No Regrets: Jadar Johnson moves on after losing the love of the game


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Johnson hopes to get a Master's degree and become a counselor
Johnson hopes to get a Master's degree and become a counselor

CLEMSON – There comes a time in the life of every player when the love of the game isn’t enough, when the wear and tear of the season and the constant grind leaves you wanting more. There also comes a time when the love of the game wanes, and you fall out of love with the mistress that pulled you in as a youngster.

Jadar Johnson reached that point late last week. The former Clemson safety signed a free agent contract with the New York Giants following the NFL Draft, but after OTAs and the start of training camp, Johnson realized he was ready to move on with his life.

The love was gone.

“Well, I kind of just fell out of love for the game. I didn’t have the passion I did for it anymore,” Johnson said. “That really was what I was going off of. I knew that I already had my degree, so I knew that there was something else I could do and that football wasn’t my only option. So that weighed a lot into it too. If I didn’t have a college degree, I don’t know how that decision would have went. But really knowing that I already had my college degree and there were other options for me to be successful, that’s really what it was.”

Johnson said that despite what some people might think he is in great shape – both mentally and physically.

“There wasn’t no health problems. My health, he might have been talking about my mental health. Just being up there, being depressed,” Johnson said. “I wouldn’t really call it depression, but when I come at other people like that. When all you know is Jadar playing football, Jadar playing football and then I come (home)– people are like (he said), ‘I don’t want to play football anymore.’

“That what a lot of people see it as—a depression, but I wouldn’t really call it a depression. I was just in a state where I didn’t really—I was in a state where I didn’t really want to play football anymore. That’s really the only thing. There weren’t any health problems. I’m 100-percent healthy—I’m healthy.”

He then said that it will be a relief to hold a normal conversation with people – one that doesn’t involve football.

“That’s where the majority of the pressure comes from,” Johnson said. “That’s also weighed in on the option of wanting to step outside because I wanted to do something different. Every time I came around, every time I see somebody from back home that’s all they want to talk about, ‘Hey, you up there with the Giants now, right?’ That’s all they want to talk about and it just kind of takes away from you as a person when people just label you as a football player—it kind of takes away the other things from you. And I just wanted to get something different, because I’m not just a football player. You know, I’m a college graduate. I can go and do other things and still be successful.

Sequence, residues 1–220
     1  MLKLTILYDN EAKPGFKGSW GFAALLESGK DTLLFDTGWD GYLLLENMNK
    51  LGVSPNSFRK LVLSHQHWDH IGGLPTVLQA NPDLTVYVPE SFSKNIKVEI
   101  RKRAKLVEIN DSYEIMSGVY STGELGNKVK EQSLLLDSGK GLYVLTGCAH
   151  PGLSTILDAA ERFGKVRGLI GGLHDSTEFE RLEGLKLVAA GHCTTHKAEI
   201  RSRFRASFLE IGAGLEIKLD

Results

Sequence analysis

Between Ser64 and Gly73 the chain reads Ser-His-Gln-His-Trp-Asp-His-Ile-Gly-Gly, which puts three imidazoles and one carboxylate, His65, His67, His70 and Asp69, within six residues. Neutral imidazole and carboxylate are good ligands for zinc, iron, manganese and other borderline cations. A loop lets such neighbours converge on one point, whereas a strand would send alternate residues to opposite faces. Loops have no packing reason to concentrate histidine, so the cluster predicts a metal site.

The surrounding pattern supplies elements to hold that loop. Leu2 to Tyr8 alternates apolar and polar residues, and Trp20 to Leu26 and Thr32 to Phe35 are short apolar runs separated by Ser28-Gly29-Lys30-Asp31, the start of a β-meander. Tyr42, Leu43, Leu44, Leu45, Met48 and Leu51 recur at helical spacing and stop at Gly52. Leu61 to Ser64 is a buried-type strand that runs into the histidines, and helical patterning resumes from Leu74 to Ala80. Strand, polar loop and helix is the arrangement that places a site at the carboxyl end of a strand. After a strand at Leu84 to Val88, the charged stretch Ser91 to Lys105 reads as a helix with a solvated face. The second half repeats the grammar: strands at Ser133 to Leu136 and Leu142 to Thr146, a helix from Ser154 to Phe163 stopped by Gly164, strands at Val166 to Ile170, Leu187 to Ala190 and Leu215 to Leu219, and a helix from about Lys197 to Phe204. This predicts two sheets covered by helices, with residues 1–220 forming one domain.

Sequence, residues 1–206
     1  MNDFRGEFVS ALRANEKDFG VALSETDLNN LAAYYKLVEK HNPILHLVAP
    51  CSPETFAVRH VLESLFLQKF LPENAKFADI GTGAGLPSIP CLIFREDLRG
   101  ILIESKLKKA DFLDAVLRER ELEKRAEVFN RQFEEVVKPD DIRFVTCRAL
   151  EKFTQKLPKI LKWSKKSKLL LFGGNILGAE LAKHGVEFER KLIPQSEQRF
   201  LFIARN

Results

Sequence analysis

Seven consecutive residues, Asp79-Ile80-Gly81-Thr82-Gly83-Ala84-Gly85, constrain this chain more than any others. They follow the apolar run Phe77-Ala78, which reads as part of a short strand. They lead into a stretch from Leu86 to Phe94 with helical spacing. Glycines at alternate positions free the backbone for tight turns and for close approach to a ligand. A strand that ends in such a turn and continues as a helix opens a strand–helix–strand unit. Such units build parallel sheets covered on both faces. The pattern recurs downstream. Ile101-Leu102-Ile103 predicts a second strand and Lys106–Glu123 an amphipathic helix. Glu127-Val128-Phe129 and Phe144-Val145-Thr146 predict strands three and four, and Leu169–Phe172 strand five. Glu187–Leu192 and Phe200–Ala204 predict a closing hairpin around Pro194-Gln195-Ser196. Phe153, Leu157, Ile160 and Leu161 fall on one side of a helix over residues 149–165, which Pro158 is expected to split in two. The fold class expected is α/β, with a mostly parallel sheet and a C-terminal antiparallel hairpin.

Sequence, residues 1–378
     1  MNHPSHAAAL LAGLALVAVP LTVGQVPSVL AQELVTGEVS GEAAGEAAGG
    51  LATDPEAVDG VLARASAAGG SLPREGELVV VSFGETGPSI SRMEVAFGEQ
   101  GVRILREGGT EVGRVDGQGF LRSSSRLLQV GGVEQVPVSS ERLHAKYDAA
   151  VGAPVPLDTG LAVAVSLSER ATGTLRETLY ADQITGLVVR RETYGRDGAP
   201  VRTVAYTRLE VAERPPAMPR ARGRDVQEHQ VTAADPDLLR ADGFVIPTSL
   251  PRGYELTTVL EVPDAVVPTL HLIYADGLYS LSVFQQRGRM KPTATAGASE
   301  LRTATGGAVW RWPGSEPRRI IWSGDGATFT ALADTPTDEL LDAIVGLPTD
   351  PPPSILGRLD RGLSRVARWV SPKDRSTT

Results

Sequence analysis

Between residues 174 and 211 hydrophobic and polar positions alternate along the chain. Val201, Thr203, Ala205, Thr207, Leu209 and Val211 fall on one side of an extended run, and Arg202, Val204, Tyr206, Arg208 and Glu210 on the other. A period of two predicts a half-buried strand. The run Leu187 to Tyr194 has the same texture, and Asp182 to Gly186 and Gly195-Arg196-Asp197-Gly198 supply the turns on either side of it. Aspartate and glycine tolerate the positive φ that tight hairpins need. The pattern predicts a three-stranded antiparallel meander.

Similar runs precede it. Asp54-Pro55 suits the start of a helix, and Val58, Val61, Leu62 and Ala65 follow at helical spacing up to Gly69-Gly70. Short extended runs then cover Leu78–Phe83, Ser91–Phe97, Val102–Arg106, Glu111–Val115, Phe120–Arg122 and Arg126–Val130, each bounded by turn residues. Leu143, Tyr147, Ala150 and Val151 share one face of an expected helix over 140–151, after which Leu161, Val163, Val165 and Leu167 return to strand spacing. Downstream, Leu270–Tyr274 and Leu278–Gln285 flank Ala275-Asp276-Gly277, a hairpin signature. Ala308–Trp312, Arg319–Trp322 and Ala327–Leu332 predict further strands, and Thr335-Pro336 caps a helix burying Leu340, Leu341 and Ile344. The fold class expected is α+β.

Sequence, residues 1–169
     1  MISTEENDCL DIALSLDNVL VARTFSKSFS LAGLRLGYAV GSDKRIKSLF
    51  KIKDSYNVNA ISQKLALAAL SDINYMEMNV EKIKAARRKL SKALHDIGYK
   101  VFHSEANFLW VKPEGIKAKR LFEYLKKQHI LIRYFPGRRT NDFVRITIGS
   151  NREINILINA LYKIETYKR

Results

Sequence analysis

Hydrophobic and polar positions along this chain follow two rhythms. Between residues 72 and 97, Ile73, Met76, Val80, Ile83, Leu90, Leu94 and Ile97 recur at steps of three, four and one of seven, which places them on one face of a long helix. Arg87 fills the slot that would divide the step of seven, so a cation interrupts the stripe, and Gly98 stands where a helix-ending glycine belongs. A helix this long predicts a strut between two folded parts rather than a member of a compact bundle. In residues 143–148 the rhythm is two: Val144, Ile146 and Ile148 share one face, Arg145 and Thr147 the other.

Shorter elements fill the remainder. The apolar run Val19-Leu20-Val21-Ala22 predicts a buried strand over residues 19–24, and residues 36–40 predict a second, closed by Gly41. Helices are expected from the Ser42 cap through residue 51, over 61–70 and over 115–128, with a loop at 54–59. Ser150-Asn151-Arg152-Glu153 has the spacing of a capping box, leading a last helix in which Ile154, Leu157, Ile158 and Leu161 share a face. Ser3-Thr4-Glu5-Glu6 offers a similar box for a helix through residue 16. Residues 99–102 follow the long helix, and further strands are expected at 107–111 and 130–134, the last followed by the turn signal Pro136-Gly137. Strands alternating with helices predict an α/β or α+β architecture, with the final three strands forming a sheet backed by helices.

“And I feel like when you know somebody as just a football player, when you try to do something else it seems to other people like that person is just throwing their life away or they’re about to become a failure just because those were the only expectations that people set for me—just be good at football. It also gave me the courage and the strength to step outside of that lane, and show people that I can do something different and I’m not just a football player.”

What’s next for the Orangeburg native? A Master’s degree and hopefully a job where he can help people.

“Right now, my plan is to go back to school (at Clemson) and try to get my Master’s degree and then go looking for jobs from there. I want to do something, as you know I graduated in sociology, so I want to do counseling,” Johnson said. “More specifically counseling with athletes, guys that go through what I’ve gone through where I’ve been in the sport my whole life, and when it gets to that point where a certain person, that certain athlete, doesn’t want to play football no more.

“I want to be that guy that they can come talk to and help them deal with that type of thing. Because there’s a lot of players that go through that, but never really have the heart to stand up and say that they don’t really want to play no more because of the pressure from other people. Just being used to that my whole life, I want to be the guy to help kids like that.”

Despite the loss of his former love, Johnson knows that he won’t look back in later life and have regrets – he gave it his best shot.

“The experience was great. Even just being up in that big city (New York) like that with me being from Orangeburg. It showed me a lot of different things that I didn’t experience growing up,” Johnson said. “It also was just me going out there on my own, I feel like it made me become a little more responsible because I couldn’t just run to my mom and dad for everything. I was really up there having to handle everything by myself. I wouldn’t change how I did it. I was definitely glad that I took a shot and that I actually went up there to see how that stuff is because it showed me things from a different perspective. Once I got up there it made me realize that’s not what I wanted to do anymore.”


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